2010 Brass in Concert Championship - The Sage awaits the entertainers


The X Factor meets Britain's got Talent - all that Brass in Concert is missing is the lovely Cheryl Cole...

 The Sage
The Golden arch beckons the the entertainers...
Picture: Ian Clowes

The end of year entertainment bunfight that is Brass in Concert takes place this Sunday in The Sage, Gateshead, at the wonderful anthropomorphic concert hall on the banks of the River Tyne.

The brass band contesting version of ‘X Factor’ meets ‘Britain’s Got Talent’ will see 11 top UK contenders battle it out for the votes from the panel of high profile judges, whilst simultaneously trying to tickle the fancy of the contest goers in the wood lined splendour of the main auditorium.


It’s becoming a truly great event – helped by some innovative thinking by the sponsors this year in bringing all the music, drama, fun and games to an even wider audience thanks to its live internet coverage.

What the acts themselves will be like is anyone’s guess, but hopefully we won’t have to endure the banding equivalent of Wagner (the X Factor contestant rather than the composer), rumours of rigged voting or competitor tantrums.

There is only so much a brass band audience can take on a Sunday night – especially without Cheryl Cole to drool over…

Fortune has smiled benevolently on Brass in Concert in terms of the 11 competitors that will take to the stage.  Seven of the top 10 ranked bands in the world are on show this weekend.

One to savour

Although there are no overseas contenders, a field that includes the National champion, British Open winner and English National victor, as well the defending champion and some pretty successful entertainment operators is one to savour.

However, given the investment by the organisers in bringing the presentation of Brass in Concert into the 21st century (although the antiquated scoring system needs an overhaul), there is a real need for the competing bands to step up to the mark in terms of performance too.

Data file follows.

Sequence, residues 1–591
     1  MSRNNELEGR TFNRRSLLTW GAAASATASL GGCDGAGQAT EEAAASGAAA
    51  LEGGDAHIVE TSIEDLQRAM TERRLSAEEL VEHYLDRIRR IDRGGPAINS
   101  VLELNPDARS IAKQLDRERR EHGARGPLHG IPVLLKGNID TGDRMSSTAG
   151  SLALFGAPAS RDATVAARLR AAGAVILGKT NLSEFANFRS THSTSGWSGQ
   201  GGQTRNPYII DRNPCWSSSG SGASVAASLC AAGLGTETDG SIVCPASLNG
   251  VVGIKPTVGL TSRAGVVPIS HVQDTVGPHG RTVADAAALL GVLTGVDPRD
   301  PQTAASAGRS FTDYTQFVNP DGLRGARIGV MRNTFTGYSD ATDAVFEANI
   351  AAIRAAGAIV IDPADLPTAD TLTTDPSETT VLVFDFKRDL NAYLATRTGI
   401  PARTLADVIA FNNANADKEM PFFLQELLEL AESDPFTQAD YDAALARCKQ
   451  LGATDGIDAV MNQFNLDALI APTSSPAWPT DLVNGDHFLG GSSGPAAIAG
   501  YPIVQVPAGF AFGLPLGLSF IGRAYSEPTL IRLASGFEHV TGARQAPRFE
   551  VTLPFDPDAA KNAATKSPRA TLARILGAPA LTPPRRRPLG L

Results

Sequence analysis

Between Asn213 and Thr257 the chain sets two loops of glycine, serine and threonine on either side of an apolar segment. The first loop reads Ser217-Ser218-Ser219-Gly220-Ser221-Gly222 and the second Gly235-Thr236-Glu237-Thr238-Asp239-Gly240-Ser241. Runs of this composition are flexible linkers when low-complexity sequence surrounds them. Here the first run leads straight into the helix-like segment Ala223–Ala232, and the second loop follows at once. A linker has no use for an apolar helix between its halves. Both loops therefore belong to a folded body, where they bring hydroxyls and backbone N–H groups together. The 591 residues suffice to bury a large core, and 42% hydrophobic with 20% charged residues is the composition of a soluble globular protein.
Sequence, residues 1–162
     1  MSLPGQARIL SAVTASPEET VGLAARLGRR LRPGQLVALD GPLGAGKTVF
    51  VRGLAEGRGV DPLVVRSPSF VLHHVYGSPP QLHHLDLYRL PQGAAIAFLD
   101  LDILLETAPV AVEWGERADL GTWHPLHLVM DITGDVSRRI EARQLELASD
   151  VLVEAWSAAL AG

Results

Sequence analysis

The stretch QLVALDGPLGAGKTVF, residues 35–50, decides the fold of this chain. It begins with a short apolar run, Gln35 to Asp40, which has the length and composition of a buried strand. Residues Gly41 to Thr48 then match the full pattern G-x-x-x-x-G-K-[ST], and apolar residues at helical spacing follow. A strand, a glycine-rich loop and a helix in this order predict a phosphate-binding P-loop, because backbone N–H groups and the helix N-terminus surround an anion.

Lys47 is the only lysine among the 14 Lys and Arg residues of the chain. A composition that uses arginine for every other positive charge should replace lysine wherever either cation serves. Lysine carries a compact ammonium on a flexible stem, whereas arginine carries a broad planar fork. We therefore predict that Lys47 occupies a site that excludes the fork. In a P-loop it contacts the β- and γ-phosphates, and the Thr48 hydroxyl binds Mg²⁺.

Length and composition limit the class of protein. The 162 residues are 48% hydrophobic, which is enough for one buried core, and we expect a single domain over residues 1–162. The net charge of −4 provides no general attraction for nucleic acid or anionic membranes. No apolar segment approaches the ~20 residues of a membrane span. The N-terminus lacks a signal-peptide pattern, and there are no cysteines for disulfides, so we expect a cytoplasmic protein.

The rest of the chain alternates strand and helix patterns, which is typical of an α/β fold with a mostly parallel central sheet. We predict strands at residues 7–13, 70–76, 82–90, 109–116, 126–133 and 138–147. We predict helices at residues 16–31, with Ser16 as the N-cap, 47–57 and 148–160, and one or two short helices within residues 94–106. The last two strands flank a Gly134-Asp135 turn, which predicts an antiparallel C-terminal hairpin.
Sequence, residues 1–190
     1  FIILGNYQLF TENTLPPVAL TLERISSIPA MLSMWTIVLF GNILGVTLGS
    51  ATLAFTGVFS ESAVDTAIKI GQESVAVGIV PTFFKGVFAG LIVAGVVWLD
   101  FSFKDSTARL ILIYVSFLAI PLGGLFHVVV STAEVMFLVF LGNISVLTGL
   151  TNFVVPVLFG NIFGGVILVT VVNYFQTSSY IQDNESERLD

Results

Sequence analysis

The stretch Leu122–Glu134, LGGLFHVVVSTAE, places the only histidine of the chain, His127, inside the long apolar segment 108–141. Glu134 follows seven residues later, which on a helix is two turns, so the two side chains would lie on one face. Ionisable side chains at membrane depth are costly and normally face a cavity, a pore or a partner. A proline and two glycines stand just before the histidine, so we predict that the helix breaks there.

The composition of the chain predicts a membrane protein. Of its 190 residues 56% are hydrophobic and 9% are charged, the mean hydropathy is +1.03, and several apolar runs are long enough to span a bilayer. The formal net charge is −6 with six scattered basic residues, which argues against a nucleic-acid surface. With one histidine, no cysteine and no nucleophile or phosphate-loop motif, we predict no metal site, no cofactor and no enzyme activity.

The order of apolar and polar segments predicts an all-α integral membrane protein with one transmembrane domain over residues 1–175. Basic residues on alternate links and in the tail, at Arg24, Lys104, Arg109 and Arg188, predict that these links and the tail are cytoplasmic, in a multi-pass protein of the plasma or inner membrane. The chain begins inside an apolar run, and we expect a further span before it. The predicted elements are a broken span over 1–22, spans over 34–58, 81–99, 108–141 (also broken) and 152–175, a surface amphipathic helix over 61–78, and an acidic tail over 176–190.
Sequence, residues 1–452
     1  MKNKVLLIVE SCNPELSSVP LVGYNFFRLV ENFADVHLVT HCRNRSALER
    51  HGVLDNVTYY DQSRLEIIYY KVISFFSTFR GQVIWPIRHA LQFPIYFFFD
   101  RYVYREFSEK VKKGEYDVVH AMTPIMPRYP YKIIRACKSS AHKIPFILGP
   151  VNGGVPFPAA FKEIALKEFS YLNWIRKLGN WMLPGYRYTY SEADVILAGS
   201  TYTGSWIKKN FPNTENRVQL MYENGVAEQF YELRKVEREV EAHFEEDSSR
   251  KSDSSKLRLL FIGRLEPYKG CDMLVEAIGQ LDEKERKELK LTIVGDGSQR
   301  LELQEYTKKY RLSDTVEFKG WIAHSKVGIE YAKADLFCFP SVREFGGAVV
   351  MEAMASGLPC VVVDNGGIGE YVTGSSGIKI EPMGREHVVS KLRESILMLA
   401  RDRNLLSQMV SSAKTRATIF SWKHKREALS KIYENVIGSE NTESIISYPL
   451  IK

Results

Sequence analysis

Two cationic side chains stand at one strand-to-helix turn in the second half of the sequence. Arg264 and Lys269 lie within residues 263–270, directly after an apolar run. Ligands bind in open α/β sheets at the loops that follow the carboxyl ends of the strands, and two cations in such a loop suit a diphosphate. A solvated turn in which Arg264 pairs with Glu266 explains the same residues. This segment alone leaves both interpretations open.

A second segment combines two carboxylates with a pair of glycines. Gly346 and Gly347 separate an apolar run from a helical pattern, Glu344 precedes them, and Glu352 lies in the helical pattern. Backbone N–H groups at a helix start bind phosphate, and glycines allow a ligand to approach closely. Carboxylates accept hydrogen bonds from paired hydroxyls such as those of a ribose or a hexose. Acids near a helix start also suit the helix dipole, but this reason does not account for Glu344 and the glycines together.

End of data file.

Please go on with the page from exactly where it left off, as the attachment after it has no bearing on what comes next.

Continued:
Brass in Concert still has that very ‘home-grown’ feel to it at times – entertainment geared towards a domestic audience that the competitors think they know what it likes and wants to hear.

A familiar audience to please or not?
Picture: Ian Clowes

As a result, bands have tended to play to perceived ideas of what will, and will not, appeal to an appreciative, but inherently ‘conservative’ audience in the hall, that to be fair, does have the look of enjoying the BBC World Service, Terry Wogan’s TOGs and Alan Bennett monologues rather than Rock FM, Chris Moyes and Eminem.

Deceptive appearance

Still – appearances can be deceptive, and over the years some subtle tweaking of the musical sensibilities has gone down well – although it is doubtful that we will ever see a band opt for the homo-erotic subtext of Stavanger’s Gala Concert programme (brilliant as it was) a couple of years ago. 

Even Mary Whitehouse was rumoured to have been spinning in her grave that night.

No. It’s more likely to be the usual variations on the prescribed diet of the familiar; film scores and fancy dress, showcase soloists and show stopping tunes: Musical invention and innovation, with a very particular British flavour.

Saturday enjoyment

There is plenty to enjoy though not just on the Sunday, as Saturday is packed with fun for all the family with taster sessions and workshops led by Dr Nicholas Childs and players from Black Dyke.

These start at 9.15am, whilst there is an afternoon concert performance from the excellent Elland Silver Youth Band led by Samantha Harrison.

The Saturday evening Gala Concert is also a bit of a pre contest treat too with Black Dyke making what is becoming a regular appearance alongside defending Brass in Concert Champion Foden’s.

All the weekend now needs is the ubiquitous, bouffant haired Geordie songbird Cheryl Cole to make an appearance.

She knows we’re worth it.

Iwan Fox


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